The friendships I was able to hold onto for more than a season suffered frequent blowups – I called the cops on one friend while we were living together when she smashed a peanut butter sandwich in my face after I said something terrible as she was walking away. The cops recognized me when they arrived – I thought from my career as a stand up comic, but it was actually because I had just gotten a DUI the week before.
I made up with that friend after a period. I made up with lots of friends after a period of not talking. I never wanted anything badly enough to be willing to apologize or appear to change my behavior until I had lost it. The moment we seemed to be back on solid friendship ground, I came to stay with her for a weekend, drinking her booze, holding court in the backyard, taking acid with her neighbor, having sex with her neighbor that SHE had a crush on, being late to our tattoo appt, which I wore her shoes to without asking, and then, when she went out of town for the weekend and didn’t trust me to stay in her place without her, I went to return the shoes and helped myself to her shower, because her neighbor that I was now staying with had no clean towels and that was somehow on her. I was going through something. Why didn’t she understand?
“I’m sorry,” she texted me when she returned and found my dirty bandaid in her shower, “This is goodbye.” I was angry AT HER because I thought her boundaries were TOO STRICT and unrealistic. This year I had the opportunity to make amends to this person. I am so grateful that they were willing to meet with me. Recovery has taught me that the only thing I can change is my own behavior. Therefore, that’s the thing to focus on.
I was so used to being a bad friend that when people started telling me what a good friend I was in sobriety, I thought they had gotten together behind my back to play a trick on me. “It’s so weird,” I thought. “They don’t even know each other.”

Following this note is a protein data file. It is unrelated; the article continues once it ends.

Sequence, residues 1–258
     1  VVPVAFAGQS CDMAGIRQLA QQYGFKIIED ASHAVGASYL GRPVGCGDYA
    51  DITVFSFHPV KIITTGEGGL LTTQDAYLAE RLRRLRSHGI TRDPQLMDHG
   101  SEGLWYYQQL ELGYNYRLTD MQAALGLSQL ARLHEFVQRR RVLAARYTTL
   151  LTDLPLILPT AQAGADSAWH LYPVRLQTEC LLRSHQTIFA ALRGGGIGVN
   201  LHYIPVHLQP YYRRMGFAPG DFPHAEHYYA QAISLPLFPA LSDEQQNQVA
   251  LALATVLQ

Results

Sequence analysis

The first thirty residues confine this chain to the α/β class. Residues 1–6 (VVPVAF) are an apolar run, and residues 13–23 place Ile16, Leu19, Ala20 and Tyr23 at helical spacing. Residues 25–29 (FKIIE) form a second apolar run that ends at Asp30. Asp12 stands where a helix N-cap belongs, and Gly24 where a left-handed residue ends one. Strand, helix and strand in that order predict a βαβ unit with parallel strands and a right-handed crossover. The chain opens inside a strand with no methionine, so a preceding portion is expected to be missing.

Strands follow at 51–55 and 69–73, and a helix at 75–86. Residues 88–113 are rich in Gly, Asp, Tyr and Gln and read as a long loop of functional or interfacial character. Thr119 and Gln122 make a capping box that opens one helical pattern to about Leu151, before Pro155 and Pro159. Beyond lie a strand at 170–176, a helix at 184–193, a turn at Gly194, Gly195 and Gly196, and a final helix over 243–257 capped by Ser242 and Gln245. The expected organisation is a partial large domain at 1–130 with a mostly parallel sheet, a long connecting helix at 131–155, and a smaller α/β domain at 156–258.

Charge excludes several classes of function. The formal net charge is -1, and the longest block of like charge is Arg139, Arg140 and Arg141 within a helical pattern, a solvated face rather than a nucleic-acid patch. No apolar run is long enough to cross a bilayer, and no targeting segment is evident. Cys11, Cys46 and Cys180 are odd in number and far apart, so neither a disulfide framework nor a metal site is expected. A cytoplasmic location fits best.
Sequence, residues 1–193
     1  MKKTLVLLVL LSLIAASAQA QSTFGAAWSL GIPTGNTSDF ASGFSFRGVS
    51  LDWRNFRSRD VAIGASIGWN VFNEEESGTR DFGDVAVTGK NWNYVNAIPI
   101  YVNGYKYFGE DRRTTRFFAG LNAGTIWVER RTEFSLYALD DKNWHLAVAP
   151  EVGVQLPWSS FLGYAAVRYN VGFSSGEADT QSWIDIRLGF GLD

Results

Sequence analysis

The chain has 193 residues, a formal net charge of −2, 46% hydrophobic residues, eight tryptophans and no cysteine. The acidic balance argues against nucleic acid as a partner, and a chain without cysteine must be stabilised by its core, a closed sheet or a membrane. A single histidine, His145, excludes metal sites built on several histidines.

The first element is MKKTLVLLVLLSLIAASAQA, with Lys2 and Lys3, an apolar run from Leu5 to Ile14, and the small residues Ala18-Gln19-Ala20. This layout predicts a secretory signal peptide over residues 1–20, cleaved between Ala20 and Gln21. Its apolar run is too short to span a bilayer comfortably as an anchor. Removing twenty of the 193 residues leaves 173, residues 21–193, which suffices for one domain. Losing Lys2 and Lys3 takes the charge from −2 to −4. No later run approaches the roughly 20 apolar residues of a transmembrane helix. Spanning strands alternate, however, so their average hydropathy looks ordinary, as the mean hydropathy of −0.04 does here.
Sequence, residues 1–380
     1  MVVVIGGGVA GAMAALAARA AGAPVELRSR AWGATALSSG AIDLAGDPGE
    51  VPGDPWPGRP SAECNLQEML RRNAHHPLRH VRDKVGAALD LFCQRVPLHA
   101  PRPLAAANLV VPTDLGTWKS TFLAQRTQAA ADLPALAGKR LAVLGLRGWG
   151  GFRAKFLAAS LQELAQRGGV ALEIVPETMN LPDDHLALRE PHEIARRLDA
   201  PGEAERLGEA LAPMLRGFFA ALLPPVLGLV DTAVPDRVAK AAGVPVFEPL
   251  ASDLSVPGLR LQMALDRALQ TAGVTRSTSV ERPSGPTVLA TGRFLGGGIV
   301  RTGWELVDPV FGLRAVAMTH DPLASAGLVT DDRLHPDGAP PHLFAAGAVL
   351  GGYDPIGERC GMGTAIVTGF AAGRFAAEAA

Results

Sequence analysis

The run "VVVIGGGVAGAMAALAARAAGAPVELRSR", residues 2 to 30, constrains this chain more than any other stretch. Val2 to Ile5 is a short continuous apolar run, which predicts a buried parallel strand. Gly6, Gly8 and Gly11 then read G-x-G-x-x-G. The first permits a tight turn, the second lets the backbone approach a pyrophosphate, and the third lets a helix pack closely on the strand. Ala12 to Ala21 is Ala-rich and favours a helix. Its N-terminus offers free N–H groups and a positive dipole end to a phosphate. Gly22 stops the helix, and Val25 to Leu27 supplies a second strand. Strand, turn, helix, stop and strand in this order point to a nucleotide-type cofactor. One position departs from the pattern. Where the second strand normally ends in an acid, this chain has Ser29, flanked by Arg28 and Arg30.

“You’re a really good person now and you’re gonna have to learn to deal with it,” said another friend. The self-concept, for me, lags behind the change and action. I was one way for so long. Even as I change, it’s hard to think of myself as this somewhat evolved individual. But it does come. It’s here now, or else I wouldn’t be able to write about it.
First I had to learn to become my own best friend. To have my own back, to stop judging and being so hard on myself. And then I became truly curious about others. As my life calmed down, as the storms became manageable, I was able to connect to my own heart, and then to the hearts of others. The less I desperately needed people, the more people came into my life that were less desperate. As I built my own boundaries, I learned to accept others. The friends that had stood by me the whole way – those relationships grew deeper and more reciprocal. I no longer kept track of favors because I learned to give what I could freely, without expectation, which meant I didn’t go as far out of my way for people, but I didn’t resent them for it either because I expected nothing in return except the joy of giving.
I have found my tribe, and I keep finding more of them, and my friendships and relationships continue to deepen and grow and I continue to be more interested in others than I ever have been before. I also am perfectly happy being completely alone. I have choices today and so much love.
And that? Is beyond my wildest dreams.